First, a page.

Do you have any advice for future journalists?
Don’t be afraid! Ask questions, even the hard ones. If you think something could be a story, it probably is. Be nosy. If you are in a pub, out walking, at a cafe, keep your eyes and ears open. The best stories come from those who don’t realise the significance of what they are saying. Keep a contacts book – you never know when you might need the same person again for a follow-up or new story. Be obsessed with the news, not just local/Australia but world news. And travel! See Australia, but also the world. There are stories everywhere, you just have to be nosy and keep your eyes open. I always say don’t look down – look up.
What books would you recommend for a future journalist?
I have so many that I call my favourites.
I became a journalist and went to South Africa to work because of one man: Donald Woods. He wrote Asking for Trouble about his time as an editor in South Africa during the ’60s and ’70s before he and his family fled the country because he backed abolishing apartheid.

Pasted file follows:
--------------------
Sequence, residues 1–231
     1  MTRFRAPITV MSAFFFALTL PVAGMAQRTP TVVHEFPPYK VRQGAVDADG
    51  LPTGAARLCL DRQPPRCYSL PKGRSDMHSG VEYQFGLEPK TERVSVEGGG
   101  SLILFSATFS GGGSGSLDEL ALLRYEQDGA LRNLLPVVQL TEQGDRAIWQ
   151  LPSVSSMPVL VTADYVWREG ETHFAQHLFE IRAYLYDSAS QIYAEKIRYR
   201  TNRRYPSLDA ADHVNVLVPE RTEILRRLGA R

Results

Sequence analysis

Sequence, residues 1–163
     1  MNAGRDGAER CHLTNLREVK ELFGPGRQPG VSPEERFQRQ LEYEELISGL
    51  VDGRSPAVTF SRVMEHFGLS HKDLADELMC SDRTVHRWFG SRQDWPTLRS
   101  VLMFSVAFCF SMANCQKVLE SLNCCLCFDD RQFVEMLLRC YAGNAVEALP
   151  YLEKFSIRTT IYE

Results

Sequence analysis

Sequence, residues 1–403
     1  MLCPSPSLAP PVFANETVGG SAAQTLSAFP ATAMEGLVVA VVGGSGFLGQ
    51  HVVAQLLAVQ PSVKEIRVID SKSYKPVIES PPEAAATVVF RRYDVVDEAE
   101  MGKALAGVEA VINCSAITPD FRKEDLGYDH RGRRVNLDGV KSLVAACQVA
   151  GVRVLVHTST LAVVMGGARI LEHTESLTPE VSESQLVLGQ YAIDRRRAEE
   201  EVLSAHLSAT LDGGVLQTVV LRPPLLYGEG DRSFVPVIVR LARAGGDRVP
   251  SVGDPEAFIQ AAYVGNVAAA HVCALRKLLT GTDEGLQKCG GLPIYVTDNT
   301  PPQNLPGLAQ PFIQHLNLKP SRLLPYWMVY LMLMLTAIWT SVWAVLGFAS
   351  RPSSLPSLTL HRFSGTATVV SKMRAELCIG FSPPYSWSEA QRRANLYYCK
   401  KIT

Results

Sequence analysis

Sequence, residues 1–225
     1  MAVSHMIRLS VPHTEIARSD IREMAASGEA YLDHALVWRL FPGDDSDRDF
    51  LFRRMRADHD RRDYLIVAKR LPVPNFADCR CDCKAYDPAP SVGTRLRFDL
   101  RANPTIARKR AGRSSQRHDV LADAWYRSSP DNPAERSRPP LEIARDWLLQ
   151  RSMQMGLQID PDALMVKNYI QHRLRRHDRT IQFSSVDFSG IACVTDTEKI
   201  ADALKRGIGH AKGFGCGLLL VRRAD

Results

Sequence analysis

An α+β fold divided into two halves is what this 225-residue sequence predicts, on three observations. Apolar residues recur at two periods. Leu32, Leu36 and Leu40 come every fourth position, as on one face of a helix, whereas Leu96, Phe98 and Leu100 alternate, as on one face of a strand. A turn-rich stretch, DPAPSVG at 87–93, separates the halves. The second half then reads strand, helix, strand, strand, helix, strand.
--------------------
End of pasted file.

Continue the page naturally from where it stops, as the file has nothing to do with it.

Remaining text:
Another book I love is One Crowded Hour by Tim Bowden about an Australian journalist/photographer who covered the Vietnam War.
I love books that tell a story about someone who has been a reporter in the past.
Dispatches by Michael Herr is a classic.
If I could travel back in time to a conflict to report on, it would be Vietnam and then Bosnia. With Vietnam, it was the last war where journalists were not shackled to a military press officer and had more freedom. Journalists were also freer to spend time with both sides of the conflict.
I think new journalists should understand what being a journalist entails, we can learn a lot from the past about how to find stories before the onset of the Internet and phones.
Is there a famous quote that motivates you?
There is one quote a former editor included in a letter to me when I was struggling as a trainee journalist: “Don’t let the bastards get you down”.
A little extra advice from Tiania: